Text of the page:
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Security tops agenda for El Salvador's Funes meeting with Obama
The Tico Times / February 11, 2011

By Larry Luxner

WASHINGTON — Promoting regional security, boosting trade and resolving the long-standing debate over immigration will be the main themes of President Obama’s visit to El Salvador next month — his first ever to Central America.

Hugo Martínez, the country’s foreign minister, discussed the upcoming trip during a press conference last Friday at the Salvadoran Embassy in Washington. He said the presidential visit — which also includes Brazil and Chile — will take place in late March, though specific dates have not yet been announced.

“We are developing a really intense agenda for President Obama’s visit to El Salvador,” Martínez told journalists. “Regional security will be a main topic on the agenda, following up on the conversations the Obama administration has been having with President [Mauricio] Funes since he came to Washington in March 2010.”

Planning for the visit involves a number of high-level meetings between El Salvador’s Ministry of Foreign Affairs and the U.S. State Department, as well as with the Department of Homeland Security’s Immigration and Customs Enforcement (ICE) and the National Security Council.

“I remember very well last September, when President Obama, in his speech to the United Nations, talked about countries helping themselves, and El Salvador was one of the first countries he singled out for praise,” he said. “We understand that the president’s visit to our country has a lot to do with democracy and political stability in El Salvador, and efforts by President Funes towards national unity. Various administration officials have praised the example set by El Salvador.”

The trip is not without its controversies. Héctor Timerman, the foreign minister of Argentina, criticized Obama for bypassing his country while choosing to visit El Salvador, home to the International Law Enforcement Academy (ILEA). Last week, an Argentine newspaper reported that agents of the Buenos Aires metropolitan police had traveled to El Salvador to take anti-terrorism courses at ILEA, which Timerman linked to the controversial School of the Americas, where military dictatorships including those of Argentina, Chile and other countries trained their forces in the 1970s and 1980s.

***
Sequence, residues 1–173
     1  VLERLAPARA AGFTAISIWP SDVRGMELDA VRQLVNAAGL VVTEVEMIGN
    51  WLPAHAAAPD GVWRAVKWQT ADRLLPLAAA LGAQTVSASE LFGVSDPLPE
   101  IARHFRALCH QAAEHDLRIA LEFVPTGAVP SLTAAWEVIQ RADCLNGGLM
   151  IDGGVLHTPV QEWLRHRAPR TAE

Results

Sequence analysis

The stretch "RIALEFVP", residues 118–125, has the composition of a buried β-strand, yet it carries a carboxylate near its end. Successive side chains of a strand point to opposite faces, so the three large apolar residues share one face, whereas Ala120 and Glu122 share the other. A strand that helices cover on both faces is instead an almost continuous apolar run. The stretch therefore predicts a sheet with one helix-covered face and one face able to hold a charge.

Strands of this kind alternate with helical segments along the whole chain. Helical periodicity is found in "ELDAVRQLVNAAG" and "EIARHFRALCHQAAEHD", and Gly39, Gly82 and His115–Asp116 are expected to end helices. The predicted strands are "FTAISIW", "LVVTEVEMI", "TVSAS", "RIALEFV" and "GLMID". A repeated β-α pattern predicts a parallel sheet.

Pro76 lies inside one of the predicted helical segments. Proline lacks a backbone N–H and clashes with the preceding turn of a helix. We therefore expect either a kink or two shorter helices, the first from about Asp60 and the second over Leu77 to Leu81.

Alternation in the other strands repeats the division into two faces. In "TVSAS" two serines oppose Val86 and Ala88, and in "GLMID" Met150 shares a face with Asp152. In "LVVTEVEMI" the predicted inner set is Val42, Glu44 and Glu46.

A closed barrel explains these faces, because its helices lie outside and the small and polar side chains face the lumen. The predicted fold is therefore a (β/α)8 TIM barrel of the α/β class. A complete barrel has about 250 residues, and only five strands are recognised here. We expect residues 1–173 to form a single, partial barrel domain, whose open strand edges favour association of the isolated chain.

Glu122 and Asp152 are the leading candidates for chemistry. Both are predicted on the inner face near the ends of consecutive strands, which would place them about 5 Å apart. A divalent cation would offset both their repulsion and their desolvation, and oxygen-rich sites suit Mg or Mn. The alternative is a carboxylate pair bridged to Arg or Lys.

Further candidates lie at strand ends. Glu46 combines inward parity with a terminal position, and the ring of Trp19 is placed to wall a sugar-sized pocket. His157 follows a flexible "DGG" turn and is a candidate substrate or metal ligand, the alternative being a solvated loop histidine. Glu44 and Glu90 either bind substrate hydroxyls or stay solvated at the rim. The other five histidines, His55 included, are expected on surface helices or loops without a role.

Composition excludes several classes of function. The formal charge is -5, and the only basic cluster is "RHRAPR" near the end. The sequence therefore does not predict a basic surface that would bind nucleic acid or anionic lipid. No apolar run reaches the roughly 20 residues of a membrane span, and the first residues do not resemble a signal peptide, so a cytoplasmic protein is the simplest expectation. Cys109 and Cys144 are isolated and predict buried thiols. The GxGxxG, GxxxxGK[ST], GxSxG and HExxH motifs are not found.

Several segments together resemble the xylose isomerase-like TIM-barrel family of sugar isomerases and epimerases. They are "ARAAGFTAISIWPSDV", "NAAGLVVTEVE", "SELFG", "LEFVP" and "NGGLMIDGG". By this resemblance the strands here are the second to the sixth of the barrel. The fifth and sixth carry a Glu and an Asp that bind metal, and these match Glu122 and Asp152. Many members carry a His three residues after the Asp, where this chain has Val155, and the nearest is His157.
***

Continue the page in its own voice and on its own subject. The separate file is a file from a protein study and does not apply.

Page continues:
Timerman’s comments did not come up during the Washington press conference, at which Martínez noted that his country will be hosting the Organization of American States’ annual General Assembly in June. The theme of that meeting is citizen security in the Americas.

“Criminals don’t respect frontiers, which is why this has to be a regional effort,” he said. “As part of our fight against crime, we are making investments that will permit us to offer our young people an alternative. The lure of easy money seduces our youth, and we need to give them alternatives.”

He added that, along with the United States and other Central American countries, “we are organizing an international conference directly after the OAS General Assembly in San Salvador to focus on regional security — themes like finance, technology and cooperation in aviation and maritime to intercept drug traffickers. These are not things we resolve from one day to the next. It’s a process, and in this process, all of us have to be pro-active.”

Martínez said Funes will also talk to Obama about finding a permanent solution for the estimated 217,000 Salvadorans living in the United States under Temporary Protected Status (TPS), while emphasizing the need for comprehensive immigration reform that addresses the concerns of those facing possible deportation back to their countries of origin.

“We’re not just talking about a dialogue with the Department of Homeland Security, but also agreements with state and local authorities. The groundwork for this was laid out during our last meeting with Janet Napolitano [secretary of homeland security],” he said.

“We are suggesting that if, for example, you must deport someone with children, that person should be given the opportunity to leave the country in an orderly way, rather than being removed or taken from his workplace immediately,” he said.

“There must be alternative mechanisms for locating these people, especially when there are children, pregnant women or elderly adults in their lives. We are also looking to the administration to differentiate between people who have criminal records and those who are being deported simply for not having the proper documents.”

In fiscal years 2009 and 2010, according to Napolitano, ICE removed a record 779,000 illegal immigrants from the United States, of which 195,000 were convicted criminals.

“We understand that this is a very complicated issue domestically in the United States,” said Martínez. “El Salvador is seeking ways that bring development to rural communities as a way to stop immigration, and to help Salvadorans already living in the United States. My message is that we have to work together, shoulder to shoulder, for the good of all Salvadorans everywhere.”

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